a sentence. The whole opinion proceeds upon the assumption that the donee has such power if he chooses to exercise it. If you will read the opinion, it will be seen that it turns on whether the donee actually exercised the power of appointment within its terms as given to him by the original testator; and the Court came to the conclusion that that general bequest or direction on his part to pay his just debts and funeral expenses did not operate to appoint any part of the spendthrift trust to creditors, and that it did not operate, not because he did not have the power to make it operate so to do, but because it obviously was not his intention to make his direction that his debts be paid an exercise of the power.
The other cases all indicate pretty definitely that the donee of a power of appointment of this kind can appoint to creditors or can appoint to anybody that he wishes.
It may even be, under some of the cases in Pennsylvania construing authority granted under general powers of appointment to creditors would not be sufficient to take it out of that class, but I am willing to assume for the purposes of this opinion that it would, and the point is that I do not think there is such a limitation under the law of Pennsylvania.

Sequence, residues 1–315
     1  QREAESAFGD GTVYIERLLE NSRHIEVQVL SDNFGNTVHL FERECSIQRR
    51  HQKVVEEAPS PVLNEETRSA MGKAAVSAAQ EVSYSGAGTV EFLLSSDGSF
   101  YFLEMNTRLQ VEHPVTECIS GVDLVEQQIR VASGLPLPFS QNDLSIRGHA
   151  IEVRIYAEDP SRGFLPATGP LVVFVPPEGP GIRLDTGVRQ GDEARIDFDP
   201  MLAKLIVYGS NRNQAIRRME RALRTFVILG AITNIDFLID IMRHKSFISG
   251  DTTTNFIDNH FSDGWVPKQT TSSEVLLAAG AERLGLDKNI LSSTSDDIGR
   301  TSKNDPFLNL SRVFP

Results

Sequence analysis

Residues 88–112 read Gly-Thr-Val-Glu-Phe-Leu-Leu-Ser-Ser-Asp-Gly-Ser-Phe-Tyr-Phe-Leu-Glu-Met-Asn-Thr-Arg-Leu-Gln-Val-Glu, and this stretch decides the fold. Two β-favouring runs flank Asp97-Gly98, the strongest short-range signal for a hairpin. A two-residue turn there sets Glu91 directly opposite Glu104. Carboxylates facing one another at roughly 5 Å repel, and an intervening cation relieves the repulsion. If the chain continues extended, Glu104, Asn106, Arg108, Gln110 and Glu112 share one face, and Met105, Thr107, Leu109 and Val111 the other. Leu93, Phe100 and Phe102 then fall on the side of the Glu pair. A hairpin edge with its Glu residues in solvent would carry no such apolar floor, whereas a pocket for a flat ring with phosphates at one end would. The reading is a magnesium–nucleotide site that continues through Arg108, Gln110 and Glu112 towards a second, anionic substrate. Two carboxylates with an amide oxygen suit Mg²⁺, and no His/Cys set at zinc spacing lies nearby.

In McCord's Estate, 276 Pa. 459, 120 A. 413, 415, it was held that "Donees under general powers of testamentary appointment may dispose of the estate, subject to the power, directly to their appointees, or they may reduce it to the possession of their executors and subject it to their debts, expenses of administration and legacies. * * * ." The trust in McCord's Estate was not a spendthrift trust but, the following year, in Forney's Estate, 280 Pa. 282, 124 A. 424, 425, a case involving an inheritance tax upon the estate of the donee of the power, the Supreme Court, citing McCord's Estate as authority, held that the donee of a power of appointment under a spendthrift trust in a will which directed the payment of debts could ' * * * make such testamentary disposition of the trust fund as she saw fit.' The Court went on to say 'The effect of Miss Forney's will was to make the trust estate a part of her own and then bequeath it as such to her legatees, who take from her and not from her father.'
An order may be presented entering judgment for the defendant.
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